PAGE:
Johnson City Press Friday, October 31, 2014
Opinion

Unicoi County animal shelter, new state laws and more in Sunday's Forum

July 29th, 2013 9:11 am by Staff Report

Unicoi County animal shelter, new state laws and more in Sunday's Forum

First, please know that many citizens of both Unicoi and Washington counties appreciate the public service attitude of the Johnson City Press in keeping everyone, especially our city and county government officials, aware of society’s responsibilities for animal control.
And second, thanks so much for providing this public forum on the issue of a misguided concept of a second animal shelter run by Erwin city officials. They make an unfounded claim to save money by abandoning support for the excellent Unicoi County Animal Shelter. Perhaps their so-called savings would be used for additional retreats at popular resorts.
My family has personal experience with adoptions from the Unicoi County Animal Shelter and we greatly admire Jessica Blevins and her staff for the wonderful job they do.
The shelter is clean and the staff is pleasant despite the emotional stress involved in their work. The shelter is sincere in its mission. There is no record in this country of saving taxpayers money by duplicating services.
LES BRYANT
Jonesborough
New state laws
Just wanted you to know that we appreciated the Press giving us an update on all the new state laws taking effect as of July 1.
To many of us, all this mumbo-jumbo about new laws is confusing, so it is very helpful that you presented this information in a concise way so we can digest it easily.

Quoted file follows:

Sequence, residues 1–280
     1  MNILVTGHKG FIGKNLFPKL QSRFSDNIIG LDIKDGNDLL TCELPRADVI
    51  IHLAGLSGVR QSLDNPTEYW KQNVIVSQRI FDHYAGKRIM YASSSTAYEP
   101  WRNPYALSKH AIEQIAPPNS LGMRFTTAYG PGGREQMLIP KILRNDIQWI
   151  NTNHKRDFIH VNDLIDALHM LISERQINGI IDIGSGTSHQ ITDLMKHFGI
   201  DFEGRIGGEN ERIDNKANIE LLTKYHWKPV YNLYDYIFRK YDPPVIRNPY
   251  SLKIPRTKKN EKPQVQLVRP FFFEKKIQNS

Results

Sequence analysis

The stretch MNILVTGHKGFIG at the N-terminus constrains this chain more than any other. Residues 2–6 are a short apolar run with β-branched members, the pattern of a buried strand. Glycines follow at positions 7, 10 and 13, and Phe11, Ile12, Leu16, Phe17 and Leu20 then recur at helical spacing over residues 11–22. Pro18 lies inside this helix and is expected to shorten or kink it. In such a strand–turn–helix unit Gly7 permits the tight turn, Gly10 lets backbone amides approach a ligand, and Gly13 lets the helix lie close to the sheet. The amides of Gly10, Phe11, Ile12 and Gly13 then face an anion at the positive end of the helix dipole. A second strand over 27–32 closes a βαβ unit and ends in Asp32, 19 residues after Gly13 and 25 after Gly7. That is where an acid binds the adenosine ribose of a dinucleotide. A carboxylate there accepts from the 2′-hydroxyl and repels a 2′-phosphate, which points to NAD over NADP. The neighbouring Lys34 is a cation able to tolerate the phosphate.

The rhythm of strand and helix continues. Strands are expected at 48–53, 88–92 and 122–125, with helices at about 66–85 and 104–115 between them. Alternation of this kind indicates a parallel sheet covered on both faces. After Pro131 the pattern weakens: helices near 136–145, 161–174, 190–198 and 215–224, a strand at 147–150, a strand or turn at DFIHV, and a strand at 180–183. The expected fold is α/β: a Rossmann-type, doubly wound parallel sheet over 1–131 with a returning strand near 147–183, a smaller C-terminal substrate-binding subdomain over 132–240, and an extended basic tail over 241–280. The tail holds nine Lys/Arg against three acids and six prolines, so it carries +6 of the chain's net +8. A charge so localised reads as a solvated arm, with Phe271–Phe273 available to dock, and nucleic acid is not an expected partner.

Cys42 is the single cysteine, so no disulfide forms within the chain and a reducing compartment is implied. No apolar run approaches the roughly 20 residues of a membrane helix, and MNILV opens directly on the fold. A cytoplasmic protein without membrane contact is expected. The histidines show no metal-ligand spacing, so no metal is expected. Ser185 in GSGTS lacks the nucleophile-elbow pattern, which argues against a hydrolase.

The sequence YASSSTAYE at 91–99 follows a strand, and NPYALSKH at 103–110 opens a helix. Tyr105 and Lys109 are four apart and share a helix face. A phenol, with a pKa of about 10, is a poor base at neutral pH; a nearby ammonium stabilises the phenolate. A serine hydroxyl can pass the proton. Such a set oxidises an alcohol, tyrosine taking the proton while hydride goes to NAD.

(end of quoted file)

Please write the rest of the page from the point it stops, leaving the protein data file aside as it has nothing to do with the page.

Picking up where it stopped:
In the same paper, I want to thank you for the positive news item about making a house a home and the work Habitat for Humanity is doing to help worthy families have a home.
It is wonderful to have positive news such as this to counteract some of the ugly things that are happening in our world today.
JUDY BOLYARD
Jonesborough
Low-income patient
I fall into the class of people who are considered the working poor. I work five days a week — as many hours as I can — up to 38 hours weekly. I have been using public assistance health care because my insurance does not cover my needs.
Thyroid problems run in my family. After an ultrasound, four goiters were discovered. Still, different public assistance professionals cannot agree. I have been told it’s my teeth, a muscle, contact with a kitten or stress. But I feel something there and feel swelling/discomfort. The conflicting diagnoses leave me wondering.
Is there a doctor who will see a low-income patient, as myself, for low or no cost?
I need answers.
DAWN POPE
Elizabethton
Grave mistakes
Two individuals met on a dark, rainy night in Sanford, Fla. Two different people on two different missions. One returning home. One watching and protecting a neighborhood. Sadly, both parties involved made grave mistakes.
The fact as I understand: Trayvon Martin struck the first blow. Why didn’t George Zimmerman use his gun then? Because I believe he never intended to “harm” the young man. But, within seconds, both men faced imminent danger — what are your choices?